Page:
Ch. 5.pdf

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University of Calgary
Entrepreneurship and Innovation
ENTI 201
Norman Althouse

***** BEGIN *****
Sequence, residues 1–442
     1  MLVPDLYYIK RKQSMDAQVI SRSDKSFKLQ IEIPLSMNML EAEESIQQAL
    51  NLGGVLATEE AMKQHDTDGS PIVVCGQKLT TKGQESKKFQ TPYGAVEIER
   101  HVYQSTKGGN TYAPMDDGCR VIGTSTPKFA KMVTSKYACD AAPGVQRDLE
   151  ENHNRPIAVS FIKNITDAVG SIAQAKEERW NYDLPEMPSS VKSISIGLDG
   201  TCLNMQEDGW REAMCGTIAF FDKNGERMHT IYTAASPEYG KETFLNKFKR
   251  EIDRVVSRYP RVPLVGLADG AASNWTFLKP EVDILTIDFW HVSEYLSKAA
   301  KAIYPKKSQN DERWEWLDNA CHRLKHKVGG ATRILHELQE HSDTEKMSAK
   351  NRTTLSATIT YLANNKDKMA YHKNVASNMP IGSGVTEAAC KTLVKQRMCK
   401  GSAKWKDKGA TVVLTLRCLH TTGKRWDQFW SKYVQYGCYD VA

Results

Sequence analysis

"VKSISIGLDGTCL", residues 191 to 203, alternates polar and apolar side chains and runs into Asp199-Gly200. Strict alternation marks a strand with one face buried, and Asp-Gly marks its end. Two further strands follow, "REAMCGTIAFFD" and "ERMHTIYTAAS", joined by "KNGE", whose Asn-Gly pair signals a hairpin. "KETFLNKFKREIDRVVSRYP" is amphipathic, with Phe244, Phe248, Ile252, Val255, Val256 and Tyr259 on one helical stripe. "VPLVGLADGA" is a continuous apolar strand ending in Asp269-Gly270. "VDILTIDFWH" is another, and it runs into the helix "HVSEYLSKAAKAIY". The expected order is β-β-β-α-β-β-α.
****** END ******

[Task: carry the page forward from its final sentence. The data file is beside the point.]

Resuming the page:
Chapter 5 Sole proprietorship: a business that is established, owned, operated, and often financed by one person • Pros • Easy and inexpensive to form • Profits go all to the owner • Direct control of the business • Relative freedom from government regulation (more freedmen fewer legal requirements, etc) • No special taxation (no corporate taxes. Profits are taxed as personal income and are reported in the owner's individual tax return • Ease of dissolution • Cons • Unlimited liability (business owner is responsible for all debts; may have to sell personal investment to satisfy claims against the business) Difficulty raising capital (business assets are unprotected against claims of personal creditors, and business • lenders view sole proprietorship as high risk because of the owner's unlimited liability. Owners will use personal funds to finance (credit cards, securing assets (collateral) for loans or lines of credit, or selling investments). Expansion plans are also affected by the inability to raise additional funding) • Limited managerial expertise Trouble finding qualified employees (sole proprietors often cannot offer the same pay, fringe benefits, and • opportunities for advancement as larger companies can, making them less attractive to employees seeking favorable opportunities) • Personal time commitment • Unstable business life (lifespan is uncertain due to owner illness, retirement, or loss of interest. The business will cease to exist unless owner makes provisions for it to continue operating or puts it up for sale • Losses are the owner's responsibility Partnership: an association of two or more individuals who agree to operate a business together for profit > Written partnership agreement: typically includes name of the partnership, purpose, and contributions of each partner (financial, asset, skill/talent) as well as outline responsibilities and duties of each partner and their compensation structure (salary, profit sharing, etc). Should include provisions for the addition of new partners, sale of partnership interests, and procedures for resolving conflict, dissolving the business, and distributing the assets. > General partnership: a partnership in which all partners share in the management and profits. Each partner can act on behalf of the firm and has unlimited liability for all it's business obligations > Limited partnership: a partnership with one or more general partners who have unlimited liability, and one or more limited partners (liability limited to the amount of their investment; help finance business, don't act in firm's operations) > Limited liability partnership (LLP): each individual partner is protected from responsibility for the acts of other partners, and each party's liability is limited to harm resulting from that party's actions • Pros • Ease of formation • Availability of capital (more people, more funds. The partners' combined financial strength also increases firm's ability to raise finds from outside sources) Diversity of skills and expertise • • Flexibility • No special taxes (partnerships pay no income taxes. Each partner's profit or loss is reported on the partner's personal income tax return, with any profits taxed at personal income tax rates) • Relative freedom from government control Cons • • Unlimited liability (general partners) (One partner can be held personally liable for all partnership debts and legal judgements (such as malpractice) regardless of who caused them. LLPs protect individual partners from responsibility for the acts of the others, and limits partners' liability to harm resulting from their own actions) • Potential for conflicts between partners • Complexity of profit-sharing (if time, expertise, and capital are not put in equally by all partners, arriving at a fair profit-sharing formula can be difficult) • Difficulty exiting or dissolving a partnership (when a partner leaves, the value of their share is calculated and sold to another partner. To avoid conflict, partnership agreements will outline guidelines for transfer of partnership interests and buy-sell agreements that make provision for buying a deceased partner's interest. Partners can purchase special life insurance policies on each partner designed to fund such a purchase) Chapter 5 Corporation: a legal entity with an existence and life separate from its owners, who therefore are not personally liable for the entity's debts. A corporation can own property, enter into contracts, sue and be sured, and engage in business operations > must be distinguished with Ltd/Ltée, Inc, or Corp > public corporation: a corporation whose shares are widely held and available to the general public > private corporation: does not trade publicly; therefore, the shares are not available to the general public The Incorporation Process > provincial: Companies act > federal: Canadian Business Corporations Act 1. Selecting your company's name 2. Writing the articles of incorporation and filing them with the appropriate government office 3. Paying the required fees and taxes 4. Holding an organizational meeting 5. Adopting by laws, electing directors, and passing the first operating resolutions Corporate Structure >Shareholders: the owners of a corporation who hold shares of stock that provide certain rights; aka stockholders >may receive a portion of the corporation's profits in the form of dividends >each share of stock a shareholder has generally carries one vote (except multiple voting shares to retain control) >Board of directors: a group of people elected by the share holders to handle the overall management of a corporation, such as serving major corporate coals and policies hiring corporate officers and overriding e firm's operations and finances >officers of a corporation are its top management and are responsible for achieving corporate goals and policies; induce the president and CEO, vice presidents treasurers and secretary. Other titles include CFO, CIO, COO. • Pros • Limited liability (owner's (shareholder's) liability for the debts of the firm is limited to the amount if the stock they own. Creditors can only look to the assets of the corporation for payment in the event of bankruptcy. The main exception is when a shareholder personally guarantees a business obligation (most common in corporations with only a few owners • Ease of transferring ownership • Unlimited life (unlike sol proprietorship and partnerships, death or withdrawals do not affect its existence) • Ability to attract financing (dividing ownership into smaller units makes it afford lent more investors, who can purchase one or several thousand shares. Large size and stability of corporations is also attractive. These financial resources allow corporations to invest in facilities and man resources, and to expand beyond other types of businesses • Ability to attract potential employees (offer better benefit plans and opportunities. Larger companies also have the advantage of professional management opportunities (eg. accounting managers) • Con